State Standards Remain Strong

Monday, November 13, 2017Printer-friendly version

Washington, D.C. — November 13, 2017 — Achieve today released a new report analyzing the English language arts (ELA)/literacy and mathematics standards of the 24 states that have reviewed and revised these standards after initially adopting the Common Core State Standards (CCSS). The report, Strong Standards: A Review of Changes to State Standards Since the Common Core, found most states kept their standards rigorous and maintained college- and career-ready expectations for students.

“The state of state standards in Mathematics and English Language Arts is quite strong; they provide the necessary foundation to prepare students for college and careers,” said Achieve President Mike Cohen.  “The effect of the Common Core is clear – the state standards we reviewed, while unique to each state, and with few exceptions, incorporate the evidence-based characteristics of high quality standards on which the Common Core was designed.

Soon after development in 2010, 45 states adopted the Common Core. Over the past several years, however, standards reviews were triggered in 24 states largely in response to mounting political opposition to the CCSS or associated testing and accountability policies.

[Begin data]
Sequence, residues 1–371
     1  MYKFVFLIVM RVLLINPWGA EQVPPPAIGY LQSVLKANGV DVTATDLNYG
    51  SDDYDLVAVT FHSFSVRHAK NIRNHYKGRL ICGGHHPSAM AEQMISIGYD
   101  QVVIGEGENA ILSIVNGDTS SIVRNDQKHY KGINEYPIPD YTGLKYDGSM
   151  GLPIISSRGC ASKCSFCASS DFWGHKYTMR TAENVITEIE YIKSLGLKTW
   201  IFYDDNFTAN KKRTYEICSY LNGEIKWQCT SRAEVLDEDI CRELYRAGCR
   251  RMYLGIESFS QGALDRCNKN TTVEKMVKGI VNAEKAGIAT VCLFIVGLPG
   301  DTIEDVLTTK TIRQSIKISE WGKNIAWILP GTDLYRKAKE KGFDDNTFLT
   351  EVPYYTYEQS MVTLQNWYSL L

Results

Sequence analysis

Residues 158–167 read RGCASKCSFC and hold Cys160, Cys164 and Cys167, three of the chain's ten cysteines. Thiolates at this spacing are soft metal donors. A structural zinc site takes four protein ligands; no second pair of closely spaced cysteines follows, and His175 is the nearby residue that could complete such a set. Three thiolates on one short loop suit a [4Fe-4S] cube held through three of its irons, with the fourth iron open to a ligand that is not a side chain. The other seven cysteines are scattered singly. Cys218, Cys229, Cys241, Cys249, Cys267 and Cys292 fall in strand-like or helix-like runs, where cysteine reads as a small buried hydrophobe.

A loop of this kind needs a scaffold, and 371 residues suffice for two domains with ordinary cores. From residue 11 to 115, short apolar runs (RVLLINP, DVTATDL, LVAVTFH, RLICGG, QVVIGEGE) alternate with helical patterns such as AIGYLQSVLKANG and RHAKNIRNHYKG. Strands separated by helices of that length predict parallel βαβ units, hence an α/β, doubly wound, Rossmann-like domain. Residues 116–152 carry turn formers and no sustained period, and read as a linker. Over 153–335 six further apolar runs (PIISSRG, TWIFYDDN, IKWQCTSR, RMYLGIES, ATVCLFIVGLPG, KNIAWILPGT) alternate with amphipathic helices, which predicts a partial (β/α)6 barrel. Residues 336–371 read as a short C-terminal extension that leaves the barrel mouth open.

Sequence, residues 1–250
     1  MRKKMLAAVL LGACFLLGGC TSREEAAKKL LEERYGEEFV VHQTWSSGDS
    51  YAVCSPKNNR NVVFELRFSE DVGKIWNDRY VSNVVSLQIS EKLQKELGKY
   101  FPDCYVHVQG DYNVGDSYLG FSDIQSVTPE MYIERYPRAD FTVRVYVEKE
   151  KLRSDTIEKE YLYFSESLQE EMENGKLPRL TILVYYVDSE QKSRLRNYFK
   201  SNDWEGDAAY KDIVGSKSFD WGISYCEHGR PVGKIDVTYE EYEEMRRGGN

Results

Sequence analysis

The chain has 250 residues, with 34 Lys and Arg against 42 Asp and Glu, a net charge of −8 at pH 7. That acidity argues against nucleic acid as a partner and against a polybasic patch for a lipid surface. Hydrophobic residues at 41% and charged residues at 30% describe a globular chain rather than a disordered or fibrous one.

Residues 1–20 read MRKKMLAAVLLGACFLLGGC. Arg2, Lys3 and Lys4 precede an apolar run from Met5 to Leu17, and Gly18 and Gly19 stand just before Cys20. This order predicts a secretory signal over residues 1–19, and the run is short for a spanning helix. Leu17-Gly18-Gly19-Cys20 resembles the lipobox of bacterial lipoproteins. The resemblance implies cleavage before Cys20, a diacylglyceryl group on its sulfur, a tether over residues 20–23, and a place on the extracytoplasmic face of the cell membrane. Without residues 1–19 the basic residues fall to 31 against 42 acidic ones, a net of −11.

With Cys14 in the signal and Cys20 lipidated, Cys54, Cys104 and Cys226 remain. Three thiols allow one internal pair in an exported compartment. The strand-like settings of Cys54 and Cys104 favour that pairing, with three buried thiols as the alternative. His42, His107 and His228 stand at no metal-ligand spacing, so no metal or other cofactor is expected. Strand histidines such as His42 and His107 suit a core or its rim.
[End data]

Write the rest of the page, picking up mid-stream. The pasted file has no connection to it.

With the political battles largely subsided, Achieve reviewed the revised math and ELA standards across the country, looking at the extent to which states standards continue to incorporate evidence-based characteristics of strong college- and career-ready standards. The reviews were completed using the indicators of high-quality standards that that Achieve developed drawing on over 20 years of reviewing education standards. 

“Maintaining overall strength and quality is a testament to the courage and dedication of state education leaders and the educators in each state who were involved in the development of their new state standards,” continued Cohen.

High-level findings for ELA

  • In nearly all states’ new ELA standards, a progression of reading and writing skills from grade to grade was present.
  • Twenty-two out of 24 states have retained each of the key elements required in ELA to prepare students for citizenship, college, and career. Only Oklahoma and Missouri have deficiencies that could impact students’ academic preparedness.

High-level findings for mathematics

  • States kept their math standards focused; they did not revert to math standards that were “a mile wide and an inch deep.”
  • Most states have maintained an emphasis on arithmetic in grades K–5.
  • Important concepts that support the advanced study of functions, geometry, and statistics in high school are present in most of the states in grades 6–8.
  • Most states emphasize in a balanced way procedural skill, conceptual understanding, and application in real-world problems in grades K–8.
  • Most states include an emphasis on high school statistics and modeling.
  • Nearly all the states include practice standards for grades K–12.

To read the full analysis, please see the report.